Tuesday, February 23, 2021


There's a common debate that pops up every time a celebrity or some other figure runs into a scandal, one that's serious enough to threaten their career, but not serious enough to put them in prison. A lot of #MeToo cases fall into this category, though this isn't the only case, but it works as one to keep in mind (think Louis C.K.). At some point, after apologizing (whether sincerely or opportunistically) and laying low for awhile, they'll try to restart their profession. Once this happens, the pattern is almost rote:

  1. Some group of people will condemn the person for trying to restart his career ("You won't believe who's attempting a comeback!"), and/or condemn the venue for hosting him.
  2. A different group of people will defend the celebrity, asking whether or not his "whole life should be ruined" and whether he should be prevented from making a living in perpetuity.
  3. The first group of people will retort that not having access to some celebrity spaces is hardly the same as having one's life ruined nor is it a complete bar on any money-making endeavor. Lots of people, I'm told, live perfectly comfortable and money-earning lives without getting standup comedy specials or starring movie roles. Meanwhile, the person's re-entry into the professional space also will have the effect of rendering it unsafe and/or uncomfortable for members of the group the celebrity had previously victimized.
I think there's reasonable purchase in that third move. However, it does carry with it an implicit promise -- that there is some space where the erstwhile celebrity could enter into which would be legitimate (as a means of making money, continuing with their life, etc.). When one says "'not here' is not the same thing as 'life-ruining'", there is tacit "try over there." And that raises the question: where is the "there" that is okay?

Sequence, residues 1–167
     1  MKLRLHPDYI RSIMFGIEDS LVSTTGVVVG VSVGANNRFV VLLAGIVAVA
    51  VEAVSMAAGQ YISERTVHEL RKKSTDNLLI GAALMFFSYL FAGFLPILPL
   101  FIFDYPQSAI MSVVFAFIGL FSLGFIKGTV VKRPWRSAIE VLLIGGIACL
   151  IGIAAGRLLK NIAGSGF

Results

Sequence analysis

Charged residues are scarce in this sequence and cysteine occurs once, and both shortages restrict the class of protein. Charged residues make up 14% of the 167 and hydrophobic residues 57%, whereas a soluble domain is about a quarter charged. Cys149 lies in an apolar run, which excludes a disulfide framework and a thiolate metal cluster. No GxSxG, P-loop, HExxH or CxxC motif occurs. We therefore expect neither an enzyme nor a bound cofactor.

Let's take Louis C.K.. Suppose in the wake of his scandal he takes a random, normal-person job -- I don't know, he's working at a call center. Being a former celebrity, he's quickly recognized. And some of the employees are uncomfortable with him around, knowing what he had done to people like them. What happens if they complain, and say "we don't want Louis C.K. in our office?"

The implicit promise in position #3 requires that, for at least some non-theoretical set of cases, that complaint has to be turned aside; notwithstanding that part of the force of position #3 is precisely that Louis C.K.'s presence in a given space exacts costs upon the women already occupying it (and that applies with similar, if not identical, force, if he's working at a call center compared to a club). Given that, do we have confidence that the advocates of position #3 will be able to find circumstances where they say "no, we do not support hounding this person out of this space -- they may not be allowed to redeem themselves in the celebrity sphere, but this place is okay."

It seems we have a classic NIMBY problem, or perhaps a N(R)IMBY problem (No Redemption in My Back Yard). Most of us probably are fine in concept that there exist some space where Louis C.K. goes off to live his life, perhaps not as a celebrity, but not in a state of utter banishment either. But none of us want it to be in our backyard. Redemption is a social good, we agree, but it shouldn't occur here but ... elsewhere -- an objection that will attach to virtually all "heres" with nary a suggestion of viable "elsewheres". Ironically, the most likely "elsewhere" that will be stuck with him over their own objection is an elsewhere populated by people who largely lack social power and influence. Indeed, to some extent, this is a feature of the "he can live his life, but not as a celebrity" account -- it's fine for him to seek redemption, but it should occur among the normies.